Q. Are there any problems if the population growth reduces rapidly?

A. Rapid decline of the family size to below 2 children per family can lead to serious social problems. When China adopted the one child policy, it allowed couples to determine the sex of the foetus and go in to sex-selective abortions. As a consequence the child sex ratio in China came down rapidly, which meant very few girls were being born and the number of boys in the overall population becoming proportionately higher. This situation of adverse sex-ratio was also found in India in states like Punjab, Haryana, Rajasthan, Gujarat, Maharashtra comparatively the more affluent state. Over the last fifteen years laws have become stricter in penalising sex detection, but the problem continues. Family planning is about the family and gender equality is an important value within the family. Involving men as responsible parents and partners is an important way to promote gender equality within the family and avoid adverse sex ratios  .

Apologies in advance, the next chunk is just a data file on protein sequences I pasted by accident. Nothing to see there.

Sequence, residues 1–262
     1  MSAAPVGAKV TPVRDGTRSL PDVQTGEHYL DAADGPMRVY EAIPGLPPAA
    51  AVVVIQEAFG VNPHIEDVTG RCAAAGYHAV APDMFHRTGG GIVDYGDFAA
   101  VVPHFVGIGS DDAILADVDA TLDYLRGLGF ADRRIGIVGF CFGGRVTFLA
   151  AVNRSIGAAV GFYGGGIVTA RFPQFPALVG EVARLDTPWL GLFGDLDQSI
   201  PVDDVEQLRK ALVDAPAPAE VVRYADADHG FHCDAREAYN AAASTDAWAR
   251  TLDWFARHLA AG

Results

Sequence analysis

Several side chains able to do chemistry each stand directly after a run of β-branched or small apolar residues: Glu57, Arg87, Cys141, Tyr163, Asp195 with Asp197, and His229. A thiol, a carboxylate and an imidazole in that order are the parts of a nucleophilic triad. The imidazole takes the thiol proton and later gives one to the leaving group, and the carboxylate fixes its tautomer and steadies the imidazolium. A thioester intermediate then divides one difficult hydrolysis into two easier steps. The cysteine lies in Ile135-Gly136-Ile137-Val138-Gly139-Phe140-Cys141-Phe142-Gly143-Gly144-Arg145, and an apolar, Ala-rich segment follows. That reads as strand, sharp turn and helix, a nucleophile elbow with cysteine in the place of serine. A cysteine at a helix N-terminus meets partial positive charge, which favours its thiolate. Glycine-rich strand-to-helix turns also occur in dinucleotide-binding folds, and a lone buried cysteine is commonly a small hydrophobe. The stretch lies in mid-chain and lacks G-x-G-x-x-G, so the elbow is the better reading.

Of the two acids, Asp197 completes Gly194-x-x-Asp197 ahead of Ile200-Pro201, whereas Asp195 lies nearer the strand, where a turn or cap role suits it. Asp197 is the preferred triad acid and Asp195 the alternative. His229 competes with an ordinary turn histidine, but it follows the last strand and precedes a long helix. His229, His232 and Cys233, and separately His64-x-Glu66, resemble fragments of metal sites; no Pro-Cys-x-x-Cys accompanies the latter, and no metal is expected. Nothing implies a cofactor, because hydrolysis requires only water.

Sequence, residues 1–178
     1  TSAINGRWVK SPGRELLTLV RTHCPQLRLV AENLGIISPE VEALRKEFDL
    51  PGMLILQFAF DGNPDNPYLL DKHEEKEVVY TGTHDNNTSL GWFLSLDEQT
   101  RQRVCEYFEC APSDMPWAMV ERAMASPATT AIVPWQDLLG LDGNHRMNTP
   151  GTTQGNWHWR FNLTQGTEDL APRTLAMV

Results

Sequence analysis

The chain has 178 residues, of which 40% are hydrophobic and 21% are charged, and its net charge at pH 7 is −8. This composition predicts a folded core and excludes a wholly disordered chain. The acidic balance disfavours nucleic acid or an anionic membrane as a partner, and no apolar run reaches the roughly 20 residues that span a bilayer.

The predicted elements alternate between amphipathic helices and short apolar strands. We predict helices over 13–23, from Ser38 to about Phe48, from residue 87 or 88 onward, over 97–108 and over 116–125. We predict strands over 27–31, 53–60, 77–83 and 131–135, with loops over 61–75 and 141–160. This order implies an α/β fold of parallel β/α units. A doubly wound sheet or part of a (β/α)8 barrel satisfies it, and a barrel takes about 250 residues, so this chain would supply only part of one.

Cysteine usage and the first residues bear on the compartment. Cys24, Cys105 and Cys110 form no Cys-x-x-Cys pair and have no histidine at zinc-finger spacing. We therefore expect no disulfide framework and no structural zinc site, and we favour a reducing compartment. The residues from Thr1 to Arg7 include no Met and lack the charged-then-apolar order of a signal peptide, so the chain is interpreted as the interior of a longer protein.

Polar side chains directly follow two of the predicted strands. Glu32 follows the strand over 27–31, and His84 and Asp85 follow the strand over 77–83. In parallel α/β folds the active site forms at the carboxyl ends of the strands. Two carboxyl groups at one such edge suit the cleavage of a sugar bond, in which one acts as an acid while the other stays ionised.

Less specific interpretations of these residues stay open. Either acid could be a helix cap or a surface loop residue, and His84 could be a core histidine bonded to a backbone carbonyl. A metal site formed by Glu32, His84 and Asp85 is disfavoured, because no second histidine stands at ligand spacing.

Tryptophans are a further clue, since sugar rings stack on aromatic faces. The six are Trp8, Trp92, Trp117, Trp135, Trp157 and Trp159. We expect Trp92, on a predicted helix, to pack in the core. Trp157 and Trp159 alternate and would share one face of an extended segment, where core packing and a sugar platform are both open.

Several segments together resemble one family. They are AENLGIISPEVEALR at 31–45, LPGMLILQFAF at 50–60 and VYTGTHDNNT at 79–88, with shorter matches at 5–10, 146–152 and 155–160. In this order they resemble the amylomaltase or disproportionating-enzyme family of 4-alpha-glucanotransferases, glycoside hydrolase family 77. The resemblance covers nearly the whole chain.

Population Facts in India

India’s population growth rate has slowed down considerably over the last two decades.

India’s Population continues to increase not because couples have more children but because many more young couples are having fewer children. This is called the momentum effect.

Couples from all over the country and among all social groups now have smaller families than before. Those who had larger families earlier have reduced their family sizes the most.

The number of children per family which translates to the Total Fertility Rate is now 2.18 which is very close to replacement fertility of 2.1 per woman.

The only way to slow population growth further is to increase the promotion and use of spacing methods.

In those places where women have more children, they also have greater need for appropriate family planning services which they don't get

When there are small families without gender equality in society it can lead to decline in the sex ratio of girls which is an important problem in India.

Young people need access to contraceptive services.

Men need to be involved in family planning as responsible partners, parents and citizens.

Hope your PQ's better now. Have a Great Day!